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A caver who had been trapped underground in south Wales was finally freed after a 54-hour rescue mission involving about 250 volunteers.
George Linnane, a company director from Bristol, was freed from the Ogof Ffynnon Ddu cave system in the Brecon Beacons at about 7.45pm on Monday, November 8, after a section of the rock crumbled beneath his feet and caused him to fall.
The 38-year-old is believed to have suffered back, leg and facial injuries as he fell from the rock that his caving partner had safely walked across just seconds earlier.
Linnane was crushed by a boulder in the cave, but dozens of volunteers came to his rescue after the alarm was raised on Saturday. To help get him out of the cave, rescuers had to swim through an underground stream with the caver on a floating stretcher before lifting him 90ft through a vertical chasm, The Mirror reports.
His mother, Sally Linnane-Hemmens, described the wait for her son to be brought to the surface as ‘horrendous’ and has asked people to donate to the groups that helped in the rescue efforts.
She set up a fundraiser for the South & Mid-Wales Cave Rescue Team, which led the operation, writing: ‘These guys, along with several other cave rescue teams from across the UK, saved my son’s life. He had been trapped underground for 50 hours-plus and is badly injured.’
After he was freed from the cave, Linnane was put into a cave rescue Land Rover and transferred to an ambulance which took him to hospital. The 38-year-old is still being treated, but he is reportedly expected to make a good recovery.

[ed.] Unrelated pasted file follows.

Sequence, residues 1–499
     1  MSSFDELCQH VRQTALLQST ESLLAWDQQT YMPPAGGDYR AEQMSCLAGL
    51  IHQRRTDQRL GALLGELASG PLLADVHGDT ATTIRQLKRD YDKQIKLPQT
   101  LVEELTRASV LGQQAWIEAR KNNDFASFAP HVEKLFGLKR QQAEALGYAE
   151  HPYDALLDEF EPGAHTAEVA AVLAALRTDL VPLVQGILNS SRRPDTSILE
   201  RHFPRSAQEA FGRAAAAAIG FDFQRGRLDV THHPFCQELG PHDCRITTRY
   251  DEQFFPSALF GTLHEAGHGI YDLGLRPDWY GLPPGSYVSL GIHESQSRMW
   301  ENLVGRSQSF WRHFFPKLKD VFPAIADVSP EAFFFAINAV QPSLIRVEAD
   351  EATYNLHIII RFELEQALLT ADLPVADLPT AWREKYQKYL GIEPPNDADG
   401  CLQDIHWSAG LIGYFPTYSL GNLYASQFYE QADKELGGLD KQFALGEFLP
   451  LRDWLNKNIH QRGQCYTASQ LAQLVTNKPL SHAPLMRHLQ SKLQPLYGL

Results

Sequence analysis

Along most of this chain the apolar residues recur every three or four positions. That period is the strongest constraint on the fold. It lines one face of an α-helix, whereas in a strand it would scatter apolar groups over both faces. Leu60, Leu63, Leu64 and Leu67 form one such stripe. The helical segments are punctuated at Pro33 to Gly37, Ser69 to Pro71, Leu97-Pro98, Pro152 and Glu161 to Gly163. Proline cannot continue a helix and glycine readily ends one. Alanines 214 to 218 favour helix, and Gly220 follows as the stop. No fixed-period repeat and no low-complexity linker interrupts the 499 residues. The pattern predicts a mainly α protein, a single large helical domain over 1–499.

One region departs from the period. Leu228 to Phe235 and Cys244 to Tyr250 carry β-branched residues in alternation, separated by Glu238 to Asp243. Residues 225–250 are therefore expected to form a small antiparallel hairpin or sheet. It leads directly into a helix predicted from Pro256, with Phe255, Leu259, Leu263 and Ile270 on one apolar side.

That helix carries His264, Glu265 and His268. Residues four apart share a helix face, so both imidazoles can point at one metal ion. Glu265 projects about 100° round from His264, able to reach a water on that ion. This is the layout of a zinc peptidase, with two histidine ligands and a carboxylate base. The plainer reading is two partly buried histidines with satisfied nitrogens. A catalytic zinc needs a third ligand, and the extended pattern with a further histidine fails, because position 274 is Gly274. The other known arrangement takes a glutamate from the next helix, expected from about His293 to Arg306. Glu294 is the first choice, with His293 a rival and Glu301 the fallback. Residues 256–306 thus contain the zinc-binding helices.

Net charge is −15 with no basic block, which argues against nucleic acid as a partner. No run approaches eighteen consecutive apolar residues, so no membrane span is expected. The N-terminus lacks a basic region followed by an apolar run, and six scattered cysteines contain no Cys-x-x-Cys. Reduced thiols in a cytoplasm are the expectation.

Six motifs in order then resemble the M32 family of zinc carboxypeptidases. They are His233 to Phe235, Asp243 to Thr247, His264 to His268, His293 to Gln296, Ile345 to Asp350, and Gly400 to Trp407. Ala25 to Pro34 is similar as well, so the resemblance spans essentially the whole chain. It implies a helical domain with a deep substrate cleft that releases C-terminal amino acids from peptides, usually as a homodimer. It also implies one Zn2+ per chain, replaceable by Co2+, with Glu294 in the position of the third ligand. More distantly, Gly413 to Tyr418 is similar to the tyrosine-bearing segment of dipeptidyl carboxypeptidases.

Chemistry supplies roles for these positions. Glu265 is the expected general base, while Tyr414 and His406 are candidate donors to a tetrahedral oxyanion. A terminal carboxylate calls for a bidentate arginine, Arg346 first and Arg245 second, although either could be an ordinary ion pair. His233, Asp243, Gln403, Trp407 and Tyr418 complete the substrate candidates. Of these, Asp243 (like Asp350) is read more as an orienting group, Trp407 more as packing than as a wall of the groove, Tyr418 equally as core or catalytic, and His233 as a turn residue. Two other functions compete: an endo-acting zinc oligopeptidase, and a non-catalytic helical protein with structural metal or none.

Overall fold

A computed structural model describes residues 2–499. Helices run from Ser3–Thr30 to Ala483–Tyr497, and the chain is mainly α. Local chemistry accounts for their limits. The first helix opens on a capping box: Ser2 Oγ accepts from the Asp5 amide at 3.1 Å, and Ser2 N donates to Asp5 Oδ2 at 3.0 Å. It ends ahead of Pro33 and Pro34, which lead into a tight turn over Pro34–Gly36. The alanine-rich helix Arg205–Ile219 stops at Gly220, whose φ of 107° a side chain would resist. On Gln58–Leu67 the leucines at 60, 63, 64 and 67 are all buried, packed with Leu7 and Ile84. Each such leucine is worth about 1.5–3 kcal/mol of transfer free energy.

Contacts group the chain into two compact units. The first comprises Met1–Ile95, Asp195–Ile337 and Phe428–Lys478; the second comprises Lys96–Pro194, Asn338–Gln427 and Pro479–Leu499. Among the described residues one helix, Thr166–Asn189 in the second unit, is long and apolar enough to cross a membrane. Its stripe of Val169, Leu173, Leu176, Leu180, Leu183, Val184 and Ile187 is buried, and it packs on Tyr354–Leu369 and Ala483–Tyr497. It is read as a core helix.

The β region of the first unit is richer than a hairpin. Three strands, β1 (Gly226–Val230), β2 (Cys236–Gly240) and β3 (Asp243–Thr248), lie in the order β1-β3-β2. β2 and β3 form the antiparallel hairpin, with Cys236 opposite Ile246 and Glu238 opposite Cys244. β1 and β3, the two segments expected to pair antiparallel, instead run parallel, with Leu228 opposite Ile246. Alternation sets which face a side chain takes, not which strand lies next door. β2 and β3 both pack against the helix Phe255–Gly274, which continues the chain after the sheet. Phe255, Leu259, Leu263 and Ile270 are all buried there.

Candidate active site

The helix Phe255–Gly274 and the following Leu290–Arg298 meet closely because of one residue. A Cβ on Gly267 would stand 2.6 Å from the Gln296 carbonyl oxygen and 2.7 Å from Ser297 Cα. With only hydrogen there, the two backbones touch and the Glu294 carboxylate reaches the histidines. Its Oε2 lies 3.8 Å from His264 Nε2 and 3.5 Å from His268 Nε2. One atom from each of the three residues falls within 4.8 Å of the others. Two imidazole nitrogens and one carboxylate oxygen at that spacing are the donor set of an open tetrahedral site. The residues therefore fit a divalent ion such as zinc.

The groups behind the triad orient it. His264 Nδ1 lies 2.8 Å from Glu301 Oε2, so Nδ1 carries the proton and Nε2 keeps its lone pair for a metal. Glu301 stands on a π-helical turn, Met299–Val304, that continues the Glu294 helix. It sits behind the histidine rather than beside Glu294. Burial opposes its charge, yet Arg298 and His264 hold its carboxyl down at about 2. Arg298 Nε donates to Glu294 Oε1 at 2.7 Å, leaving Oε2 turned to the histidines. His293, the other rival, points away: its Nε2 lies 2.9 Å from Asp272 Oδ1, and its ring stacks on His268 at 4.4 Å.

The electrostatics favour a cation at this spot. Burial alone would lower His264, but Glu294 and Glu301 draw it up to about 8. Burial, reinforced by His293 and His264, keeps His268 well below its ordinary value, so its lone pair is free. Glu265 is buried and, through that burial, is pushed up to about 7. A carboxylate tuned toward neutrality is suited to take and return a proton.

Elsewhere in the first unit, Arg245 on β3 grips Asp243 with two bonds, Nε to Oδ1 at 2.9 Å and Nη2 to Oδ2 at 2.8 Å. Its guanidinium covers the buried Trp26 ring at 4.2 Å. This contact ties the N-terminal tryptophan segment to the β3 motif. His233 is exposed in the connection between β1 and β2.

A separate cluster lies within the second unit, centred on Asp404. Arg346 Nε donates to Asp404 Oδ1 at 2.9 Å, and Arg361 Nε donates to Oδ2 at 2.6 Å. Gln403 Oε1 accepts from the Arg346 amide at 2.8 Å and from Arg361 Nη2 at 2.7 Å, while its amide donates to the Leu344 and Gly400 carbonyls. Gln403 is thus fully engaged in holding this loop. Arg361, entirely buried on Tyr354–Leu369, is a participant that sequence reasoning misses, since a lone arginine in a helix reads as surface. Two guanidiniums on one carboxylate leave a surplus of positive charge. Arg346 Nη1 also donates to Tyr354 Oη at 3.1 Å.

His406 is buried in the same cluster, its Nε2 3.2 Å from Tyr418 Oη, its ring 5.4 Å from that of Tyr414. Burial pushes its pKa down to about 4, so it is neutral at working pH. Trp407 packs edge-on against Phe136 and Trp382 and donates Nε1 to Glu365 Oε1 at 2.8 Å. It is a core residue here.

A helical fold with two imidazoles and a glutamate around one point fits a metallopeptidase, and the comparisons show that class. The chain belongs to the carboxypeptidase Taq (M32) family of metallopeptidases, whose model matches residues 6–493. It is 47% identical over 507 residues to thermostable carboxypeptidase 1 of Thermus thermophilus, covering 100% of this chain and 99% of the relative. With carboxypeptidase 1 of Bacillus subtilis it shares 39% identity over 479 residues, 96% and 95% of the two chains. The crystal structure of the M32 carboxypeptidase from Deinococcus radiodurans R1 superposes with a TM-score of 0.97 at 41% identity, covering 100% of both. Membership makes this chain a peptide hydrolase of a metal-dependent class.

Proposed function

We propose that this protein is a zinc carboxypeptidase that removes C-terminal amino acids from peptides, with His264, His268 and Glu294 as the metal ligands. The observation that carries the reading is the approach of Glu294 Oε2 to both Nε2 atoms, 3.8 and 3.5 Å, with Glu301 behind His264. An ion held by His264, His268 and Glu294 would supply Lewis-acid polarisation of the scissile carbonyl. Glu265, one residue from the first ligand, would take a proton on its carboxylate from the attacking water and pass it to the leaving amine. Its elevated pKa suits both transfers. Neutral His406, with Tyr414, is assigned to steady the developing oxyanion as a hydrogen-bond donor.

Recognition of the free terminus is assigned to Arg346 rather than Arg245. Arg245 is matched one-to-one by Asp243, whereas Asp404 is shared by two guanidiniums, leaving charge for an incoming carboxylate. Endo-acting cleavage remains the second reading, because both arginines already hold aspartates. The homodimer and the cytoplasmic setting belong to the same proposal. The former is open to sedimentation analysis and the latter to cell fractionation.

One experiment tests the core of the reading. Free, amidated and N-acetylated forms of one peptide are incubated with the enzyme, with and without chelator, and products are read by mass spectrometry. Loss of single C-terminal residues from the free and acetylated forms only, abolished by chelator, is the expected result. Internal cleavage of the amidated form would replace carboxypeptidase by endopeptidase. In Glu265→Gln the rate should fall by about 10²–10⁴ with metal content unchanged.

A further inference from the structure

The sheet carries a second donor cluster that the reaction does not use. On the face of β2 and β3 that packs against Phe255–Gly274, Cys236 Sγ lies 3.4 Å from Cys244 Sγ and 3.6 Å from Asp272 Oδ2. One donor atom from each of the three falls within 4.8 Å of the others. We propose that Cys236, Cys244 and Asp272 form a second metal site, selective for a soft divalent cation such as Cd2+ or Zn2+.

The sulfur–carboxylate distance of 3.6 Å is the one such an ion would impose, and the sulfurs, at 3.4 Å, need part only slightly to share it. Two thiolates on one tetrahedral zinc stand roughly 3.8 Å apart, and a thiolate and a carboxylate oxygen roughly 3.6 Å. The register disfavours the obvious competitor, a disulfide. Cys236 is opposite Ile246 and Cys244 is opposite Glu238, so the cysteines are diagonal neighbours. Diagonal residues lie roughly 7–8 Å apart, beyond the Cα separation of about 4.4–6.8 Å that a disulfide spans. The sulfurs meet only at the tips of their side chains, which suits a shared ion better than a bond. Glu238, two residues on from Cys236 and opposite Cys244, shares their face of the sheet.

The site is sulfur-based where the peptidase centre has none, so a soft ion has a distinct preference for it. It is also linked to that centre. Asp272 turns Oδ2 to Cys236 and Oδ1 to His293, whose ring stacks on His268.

A spokesperson for Cardiff and Vale University Health Board confirmed Linnane was brought to the hospital and is ‘undergoing treatment’, but was unable to comment further due to patient confidentiality, according to The Guardian.
Despite Linnane’s ordeal, Steve Thomas of South & Mid Wales Cave Rescue Team has denied exploring caves is a reckless pastime, arguing the activity makes you ‘fit and alert’.
A boulder can stay in place for 10,000 years and one day it will move. One guy walked across a section. Then it collapsed at the exact moment this guy went across. You just don’t know. It is just bad luck.
These cave systems are like time capsules. Some areas haven’t changed since the time of the Romans. You see parts that look as if they’re going to go any minute and they haven’t shifted for years. When they do move, they can be violent.
Thomas also stressed ‘There is no rescue service for cavers apart from other cavers’, and explained those who took part in the efforts to save Linnane were simply demonstrating how they look ‘after our brothers’.
The rescuer has suggested Linnane will need some ‘quiet time’ after the ordeal, and noted his recovery will likely be lengthy.
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